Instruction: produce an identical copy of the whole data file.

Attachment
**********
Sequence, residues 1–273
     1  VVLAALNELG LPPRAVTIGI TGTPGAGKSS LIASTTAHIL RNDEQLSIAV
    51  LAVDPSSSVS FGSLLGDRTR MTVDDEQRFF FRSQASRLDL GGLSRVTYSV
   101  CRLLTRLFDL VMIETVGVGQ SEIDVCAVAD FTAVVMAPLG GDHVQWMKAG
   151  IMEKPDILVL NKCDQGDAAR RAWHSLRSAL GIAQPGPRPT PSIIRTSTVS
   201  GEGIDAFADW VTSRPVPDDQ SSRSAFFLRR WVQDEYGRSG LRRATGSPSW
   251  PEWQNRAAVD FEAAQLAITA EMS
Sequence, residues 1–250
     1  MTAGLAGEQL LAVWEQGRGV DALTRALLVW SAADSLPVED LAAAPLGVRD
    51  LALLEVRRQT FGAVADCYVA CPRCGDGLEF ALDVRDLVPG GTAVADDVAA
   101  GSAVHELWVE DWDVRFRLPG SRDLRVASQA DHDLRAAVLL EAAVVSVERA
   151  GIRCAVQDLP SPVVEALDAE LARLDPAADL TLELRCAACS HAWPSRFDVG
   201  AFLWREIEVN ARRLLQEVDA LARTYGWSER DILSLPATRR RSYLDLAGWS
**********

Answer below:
Sequence, residues 1–273
     1  VVLAALNELG LPPRAVTIGI TGTPGAGKSS LIASTTAHIL RNDEQLSIAV
    51  LAVDPSSSVS FGSLLGDRTR MTVDDEQRFF FRSQASRLDL GGLSRVTYSV
   101  CRLLTRLFDL VMIETVGVGQ SEIDVCAVAD FTAVVMAPLG GDHVQWMKAG
   151  IMEKPDILVL NKCDQGDAAR RAWHSLRSAL GIAQPGPRPT PSIIRTSTVS
   201  GEGIDAFADW VTSRPVPDDQ SSRSAFFLRR WVQDEYGRSG LRRATGSPSW
   251  PEWQNRAAVD FEAAQLAITA EMS
Sequence, residues 1–250
     1  MTAGLAGEQL LAVWEQGRGV DALTRALLVW SAADSLPVED LAAAPLGVRD
    51  LALLEVRRQT FGAVADCYVA CPRCGDGLEF ALDVRDLVPG GTAVADDVAA
   101  GSAVHELWVE DWDVRFRLPG SRDLRVASQA DHDLRAAVLL EAAVVSVERA
   151  GIRCAVQDLP SPVVEALDAE LARLDPAADL TLELRCAACS HAWPSRFDVG
   201  AFLWREIEVN ARRLLQEVDA LARTYGWSER DILSLPATRR RSYLDLAGWS